Shadows in the Dark
Dance music ‘outsiders' tend to regard all techno artists' music as being pretty much indistinguishable, but those possessing finer sets of ears can easily hear the nuances that not only differentiate one artist's work from another's but also appreciate the sophistication and artistry that elevates a given work too. Alan Fitzpatrick's debut album Shadows in the Dark illustrates such points perfectly, as the album's dozen tracks show Fitzpatrick bringing an exceptionally refined sensitivity to the very sound of his material.
One such ear-catching example is “Mouthwash,” where chattering percussive accents and abrasive stabs of white noise repeatedly strafe a pulsating, mechano techno base. In “Kiwi” (named by Fitzpatrick for a favourite Lithuania club), he drapes a Doppler-like synth warble over the cut's thumping groove and, in “Two Times Dead,” appears to add sleigh bells, of all things, to the tune's percussion-heavy propulsion. The latter in particular is an ecstatic head-rush of elastic techno swing, as distorted vocoder effects careen wildly alongside grooving hi-hats and an overall kinetic drive. And even when a track swings with serious purpose, Fitzpatrick still manages to sneak in an arresting change-up or two, such as when a tiny hiccup repeatedly derails the steam-rolling groove in “Paranoize.” During “Blocked Up,” a jacking groove likewise gallops with fierce determination while synthetic shards splinter into skin-lacerating fragments. To his credit, he's also open to the idea of capping the album with a silky serenade (i.e., the quietly radiant “Shadows In The Dark”) instead of a blazer.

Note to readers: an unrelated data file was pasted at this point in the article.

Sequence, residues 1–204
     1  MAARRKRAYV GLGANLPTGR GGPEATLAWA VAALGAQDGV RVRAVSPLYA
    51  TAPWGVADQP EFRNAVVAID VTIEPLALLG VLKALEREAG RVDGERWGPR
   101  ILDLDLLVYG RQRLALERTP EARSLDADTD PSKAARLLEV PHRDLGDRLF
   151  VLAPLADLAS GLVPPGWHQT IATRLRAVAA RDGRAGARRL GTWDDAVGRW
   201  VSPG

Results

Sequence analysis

Fitzpatrick's fresh sound debuted in 2007 and since then has appeared on Bedrock, Curfew, and on his own label, 8 Sided Dice. This latest outing (issued on Adam Beyer's Drumcode imprint) is a top-of-the-line collection of quality dance music that's equally ready for the club as it is the home system. True, many of the album's tunes are roaring club bombs that rarely stray too far from the 4/4 shore, but they also elevate the form to a high plane of artistry that other producers would do well to match.